In the summer of 2018, the Ford government announced many changes for Ontario. Among them was the new requirement for universities and colleges to have free speech policies modeled after that of the University of Chicago. They were given a deadline of January 2019 to put these policies into effect.
The University of Waterloo (UW) recently redrafted Policy 8, the Freedom of Speech policy, in accordance with the requirements of the provincial government. Policy 8 begins by quoting the University of Waterloo Act, 1972: “The objectives of the university are the pursuit of learning through scholarship, teaching and research within a spirit of free inquiry and expression.”
Matthew Grant, UW director of media relations, said, “UW has always supported the principle[s] of free speech and freedom of expression on campus.”
“The new policy reflects long-held beliefs of UW that the campus should be a place that supports the free exchange of ideas, beliefs that have been documented in numerous university policies and in various public statements,” he said.
Policy 8 simply expects people to respect others’ freedom of speech. Violations of the policy will be addressed through pre-existing policies, many of which have sections concerning freedom of speech. Policy 8 states: “Alleged breaches of this Policy by members of the university will be managed in accordance with policies and agreements (including Policy 33, Ethical Behaviour; Policy 71, Student Discipline; the Memoranda of Agreements with the Faculty Association, CUPE, and Staff Association of the University of Waterloo) governing members of the university.”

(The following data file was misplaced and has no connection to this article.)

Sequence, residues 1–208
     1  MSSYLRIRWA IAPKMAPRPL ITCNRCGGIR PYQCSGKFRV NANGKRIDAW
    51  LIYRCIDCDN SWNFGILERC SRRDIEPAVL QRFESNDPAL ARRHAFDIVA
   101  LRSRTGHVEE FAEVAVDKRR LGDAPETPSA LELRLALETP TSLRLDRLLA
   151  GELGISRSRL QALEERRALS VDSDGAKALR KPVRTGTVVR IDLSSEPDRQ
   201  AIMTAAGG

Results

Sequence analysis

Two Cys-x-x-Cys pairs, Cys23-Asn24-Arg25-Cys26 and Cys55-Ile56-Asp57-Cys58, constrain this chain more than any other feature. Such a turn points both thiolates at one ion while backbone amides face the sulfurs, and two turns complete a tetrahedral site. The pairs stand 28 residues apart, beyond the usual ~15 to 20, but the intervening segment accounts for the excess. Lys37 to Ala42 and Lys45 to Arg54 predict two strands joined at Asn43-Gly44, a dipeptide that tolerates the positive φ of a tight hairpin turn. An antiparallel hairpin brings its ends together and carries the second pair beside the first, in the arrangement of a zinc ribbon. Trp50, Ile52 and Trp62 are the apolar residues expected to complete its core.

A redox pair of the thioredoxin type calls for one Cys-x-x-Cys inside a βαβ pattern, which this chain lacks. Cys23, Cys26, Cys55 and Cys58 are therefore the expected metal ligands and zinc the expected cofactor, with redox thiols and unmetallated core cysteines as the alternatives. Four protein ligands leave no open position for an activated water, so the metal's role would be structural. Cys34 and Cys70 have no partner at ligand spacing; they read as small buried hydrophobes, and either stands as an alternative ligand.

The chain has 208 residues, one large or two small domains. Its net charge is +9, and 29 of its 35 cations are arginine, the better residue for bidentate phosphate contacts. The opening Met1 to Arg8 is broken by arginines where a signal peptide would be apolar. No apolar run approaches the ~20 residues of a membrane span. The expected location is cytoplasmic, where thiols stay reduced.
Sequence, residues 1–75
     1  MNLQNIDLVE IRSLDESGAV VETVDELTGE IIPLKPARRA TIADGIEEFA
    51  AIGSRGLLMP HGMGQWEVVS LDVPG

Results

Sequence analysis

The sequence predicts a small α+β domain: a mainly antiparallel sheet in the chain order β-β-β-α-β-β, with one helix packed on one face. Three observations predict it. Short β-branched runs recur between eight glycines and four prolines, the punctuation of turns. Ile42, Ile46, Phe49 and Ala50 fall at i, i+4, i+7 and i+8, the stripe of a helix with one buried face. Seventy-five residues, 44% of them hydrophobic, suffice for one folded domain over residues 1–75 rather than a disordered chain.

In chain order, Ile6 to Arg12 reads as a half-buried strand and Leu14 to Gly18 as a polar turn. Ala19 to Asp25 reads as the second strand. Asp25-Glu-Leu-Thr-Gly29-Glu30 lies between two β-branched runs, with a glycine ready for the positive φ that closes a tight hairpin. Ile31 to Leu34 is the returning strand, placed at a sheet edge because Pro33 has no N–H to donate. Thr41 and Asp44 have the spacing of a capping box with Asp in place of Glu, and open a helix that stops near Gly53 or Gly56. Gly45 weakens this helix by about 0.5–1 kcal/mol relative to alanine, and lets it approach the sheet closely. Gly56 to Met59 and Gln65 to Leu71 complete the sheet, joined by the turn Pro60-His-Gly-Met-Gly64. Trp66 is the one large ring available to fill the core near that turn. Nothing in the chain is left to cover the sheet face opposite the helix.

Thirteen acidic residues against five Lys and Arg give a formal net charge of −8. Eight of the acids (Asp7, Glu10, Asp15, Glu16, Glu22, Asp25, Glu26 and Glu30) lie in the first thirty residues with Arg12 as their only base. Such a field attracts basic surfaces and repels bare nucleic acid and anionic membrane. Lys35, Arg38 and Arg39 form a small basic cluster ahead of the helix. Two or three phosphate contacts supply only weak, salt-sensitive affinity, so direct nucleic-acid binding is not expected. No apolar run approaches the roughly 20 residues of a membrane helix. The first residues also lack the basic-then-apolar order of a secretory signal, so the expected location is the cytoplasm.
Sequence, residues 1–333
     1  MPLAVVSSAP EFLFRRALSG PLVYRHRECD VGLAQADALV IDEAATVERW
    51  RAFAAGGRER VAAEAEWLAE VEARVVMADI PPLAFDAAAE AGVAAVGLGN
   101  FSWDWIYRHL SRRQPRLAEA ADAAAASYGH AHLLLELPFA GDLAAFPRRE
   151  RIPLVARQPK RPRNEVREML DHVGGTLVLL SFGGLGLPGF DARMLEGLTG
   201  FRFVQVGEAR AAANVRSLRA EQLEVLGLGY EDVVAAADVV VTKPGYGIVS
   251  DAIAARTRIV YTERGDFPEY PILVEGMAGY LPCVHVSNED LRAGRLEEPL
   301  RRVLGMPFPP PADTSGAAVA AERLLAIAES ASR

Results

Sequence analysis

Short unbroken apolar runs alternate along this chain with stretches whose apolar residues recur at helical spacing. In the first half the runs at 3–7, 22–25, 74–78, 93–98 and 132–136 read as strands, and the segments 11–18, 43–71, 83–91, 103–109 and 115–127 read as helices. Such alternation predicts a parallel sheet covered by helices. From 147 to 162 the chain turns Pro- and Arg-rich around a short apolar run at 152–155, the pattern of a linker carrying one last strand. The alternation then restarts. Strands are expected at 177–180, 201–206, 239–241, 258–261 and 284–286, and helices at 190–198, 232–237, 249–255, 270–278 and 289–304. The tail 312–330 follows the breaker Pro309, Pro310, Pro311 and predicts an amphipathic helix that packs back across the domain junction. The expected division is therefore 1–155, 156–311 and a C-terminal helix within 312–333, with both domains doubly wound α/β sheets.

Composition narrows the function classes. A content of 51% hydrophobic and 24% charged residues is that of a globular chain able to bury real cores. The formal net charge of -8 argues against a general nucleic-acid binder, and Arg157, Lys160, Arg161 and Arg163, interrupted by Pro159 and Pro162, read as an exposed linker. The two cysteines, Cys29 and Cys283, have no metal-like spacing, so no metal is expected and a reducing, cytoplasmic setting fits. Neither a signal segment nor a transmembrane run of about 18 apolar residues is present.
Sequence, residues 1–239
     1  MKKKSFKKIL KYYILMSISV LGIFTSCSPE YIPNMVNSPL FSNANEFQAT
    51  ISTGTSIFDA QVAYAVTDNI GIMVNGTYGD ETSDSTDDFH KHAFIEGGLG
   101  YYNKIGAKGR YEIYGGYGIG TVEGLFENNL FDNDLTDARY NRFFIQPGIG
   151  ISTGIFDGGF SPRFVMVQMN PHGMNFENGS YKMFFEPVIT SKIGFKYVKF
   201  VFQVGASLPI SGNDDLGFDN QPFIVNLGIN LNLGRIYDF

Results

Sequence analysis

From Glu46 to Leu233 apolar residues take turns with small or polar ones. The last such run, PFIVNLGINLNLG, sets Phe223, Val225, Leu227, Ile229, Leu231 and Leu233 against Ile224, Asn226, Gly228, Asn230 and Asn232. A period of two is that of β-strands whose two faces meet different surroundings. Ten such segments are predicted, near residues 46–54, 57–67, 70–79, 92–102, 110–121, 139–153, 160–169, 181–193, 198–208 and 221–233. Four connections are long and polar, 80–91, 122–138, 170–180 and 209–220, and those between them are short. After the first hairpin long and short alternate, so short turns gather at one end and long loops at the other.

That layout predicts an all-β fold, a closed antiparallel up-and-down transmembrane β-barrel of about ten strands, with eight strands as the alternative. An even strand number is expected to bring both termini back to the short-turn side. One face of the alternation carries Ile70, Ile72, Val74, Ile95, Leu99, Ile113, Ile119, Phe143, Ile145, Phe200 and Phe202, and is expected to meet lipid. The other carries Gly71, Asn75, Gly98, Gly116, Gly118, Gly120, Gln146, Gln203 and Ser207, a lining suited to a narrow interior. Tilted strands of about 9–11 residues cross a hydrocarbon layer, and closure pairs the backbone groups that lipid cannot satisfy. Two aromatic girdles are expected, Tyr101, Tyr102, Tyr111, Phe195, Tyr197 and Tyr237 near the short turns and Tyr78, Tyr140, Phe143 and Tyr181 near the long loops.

Visitors who offend the policy will be managed by the appropriate policy or referred to the UW Police Services.
“The policy will be governed in part by Policy 71, where any issue will be dealt with through a non-academic misconduct process. The process itself is designed to be fair, and students are afforded the right to appeal if they do not agree with the decisions,” Grant said.